News Feature | December 3, 2014

New Acute Myeloid Leukemia Drug Shows Positive Phase 1 Trial Results

By C. Rajan, contributing writer

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Scientists at the University of Colorado Cancer Center have announced the "extremely promising" results from a phase 1 clinical trial for investigational drug AG-120 in acute myeloid leukemia (AML) patients with IDH1 gene mutations.

The results were presented at the 26th European Organization for Research and Treatment of Cancer Symposium in Barcelona on Nov 19th.

The clinical trial was led by Dr. Daniel Pollyea at the University of Colorado Cancer Center. The Phase 1 study enrolled AML patients who had relapsed after previous treatments. Out of the 14 patients, seven responded well to escalating doses of AG-120, and of these seven, there were four cases of complete remission.

"This is one of the most exciting developments in AML in a long time," Dr. Pollyea says. "This is a high-risk population, and we hope that with continued successes we'll be able to offer this therapy to more and more patients participating in this clinical trial."

AG-120 is a first-in-class, oral, selective, inhibitor of the mutant isocitrate dehydrogenase-1 (IDH1) enzyme. AG-120 is developed by Agios Pharmaceuticals in collaboration with Celgene Corporation.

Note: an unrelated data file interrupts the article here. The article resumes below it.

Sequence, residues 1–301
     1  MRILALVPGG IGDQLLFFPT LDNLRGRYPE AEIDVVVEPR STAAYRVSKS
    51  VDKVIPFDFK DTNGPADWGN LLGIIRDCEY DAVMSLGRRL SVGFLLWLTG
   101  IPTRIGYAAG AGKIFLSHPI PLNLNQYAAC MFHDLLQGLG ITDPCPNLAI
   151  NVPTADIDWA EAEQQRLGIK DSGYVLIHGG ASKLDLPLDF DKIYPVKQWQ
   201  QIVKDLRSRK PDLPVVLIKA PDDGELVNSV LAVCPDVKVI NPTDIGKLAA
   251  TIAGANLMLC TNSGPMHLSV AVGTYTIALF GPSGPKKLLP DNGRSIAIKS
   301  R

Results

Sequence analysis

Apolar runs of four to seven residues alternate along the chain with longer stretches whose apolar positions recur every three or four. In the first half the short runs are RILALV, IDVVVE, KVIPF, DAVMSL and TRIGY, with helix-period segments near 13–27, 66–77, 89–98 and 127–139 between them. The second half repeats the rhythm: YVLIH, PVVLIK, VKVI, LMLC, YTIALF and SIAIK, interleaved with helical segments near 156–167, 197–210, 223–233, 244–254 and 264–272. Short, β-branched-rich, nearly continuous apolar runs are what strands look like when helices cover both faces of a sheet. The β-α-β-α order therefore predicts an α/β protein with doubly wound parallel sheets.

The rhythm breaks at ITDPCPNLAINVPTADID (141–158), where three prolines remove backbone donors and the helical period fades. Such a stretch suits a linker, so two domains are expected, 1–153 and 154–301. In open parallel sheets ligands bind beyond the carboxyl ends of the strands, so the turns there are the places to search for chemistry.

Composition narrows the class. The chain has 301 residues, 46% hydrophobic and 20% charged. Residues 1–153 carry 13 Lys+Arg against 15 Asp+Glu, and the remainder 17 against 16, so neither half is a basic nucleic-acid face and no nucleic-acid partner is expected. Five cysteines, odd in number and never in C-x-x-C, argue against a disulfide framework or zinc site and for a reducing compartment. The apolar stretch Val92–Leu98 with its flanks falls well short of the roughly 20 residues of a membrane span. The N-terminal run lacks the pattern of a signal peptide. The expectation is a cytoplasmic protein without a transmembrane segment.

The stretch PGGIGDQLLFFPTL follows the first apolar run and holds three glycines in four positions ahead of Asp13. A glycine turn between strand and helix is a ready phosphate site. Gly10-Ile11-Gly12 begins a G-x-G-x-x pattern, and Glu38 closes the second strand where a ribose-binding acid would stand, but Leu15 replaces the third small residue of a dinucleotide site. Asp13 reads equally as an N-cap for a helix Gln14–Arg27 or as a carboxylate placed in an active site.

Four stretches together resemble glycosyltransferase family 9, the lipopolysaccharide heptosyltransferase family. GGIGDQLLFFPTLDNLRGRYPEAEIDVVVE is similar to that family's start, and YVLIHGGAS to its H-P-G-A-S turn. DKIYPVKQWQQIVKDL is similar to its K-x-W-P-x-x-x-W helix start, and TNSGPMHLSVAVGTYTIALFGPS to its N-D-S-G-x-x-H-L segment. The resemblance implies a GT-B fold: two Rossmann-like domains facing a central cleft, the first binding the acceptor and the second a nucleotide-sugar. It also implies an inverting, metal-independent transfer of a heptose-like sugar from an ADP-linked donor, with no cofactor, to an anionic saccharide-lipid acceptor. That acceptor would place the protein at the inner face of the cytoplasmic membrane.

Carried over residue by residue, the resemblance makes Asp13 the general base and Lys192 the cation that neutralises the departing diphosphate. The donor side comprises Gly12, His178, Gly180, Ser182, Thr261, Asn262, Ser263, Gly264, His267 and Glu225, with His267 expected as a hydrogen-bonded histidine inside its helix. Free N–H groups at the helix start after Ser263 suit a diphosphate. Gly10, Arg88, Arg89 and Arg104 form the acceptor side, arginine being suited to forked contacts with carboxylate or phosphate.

Based on these positive Phase 1 results, Agios plans to advance into the next phase of development by starting multiple expansion cohorts at a fixed dose in early 2015.

The results of this trial correlate with the findings from the phase 1 study of a related drug, AG-221, which works against IDH2 mutations. This drug candidate, also from Agios, was granted the FDA’s Fast Track designation in August based on positive Phase 1 data. Agios expects a similar outcome for the sister drug, AG-120.

IDH1 and IDH2 are two metabolic enzymes that help to break down nutrients and generate energy for cells. Mutations in these IDH genes leads to several types of cancers, including AML and solid tumor cancers.

In preclinical studies, AG-120 successfully blocked the abnormal function of mutated IDH1 and led to the death of leukemia cells. AG-120 is also currently being studied in a Phase 1 trial in patients with advanced solid tumors having an IDH1 mutation. Agios expects to present the results from this study in 2015.

AML is the most common type of leukemia in adults, and only 20-25 percent of patients survive up to five years. Most AML patients are not eligible for bone marrow transplants and do not respond to chemotherapy. About 15-20 percent of AML patients carry an IDH1 mutation, amounting to about 3,500 cases of IDH1 mutation-AML every year.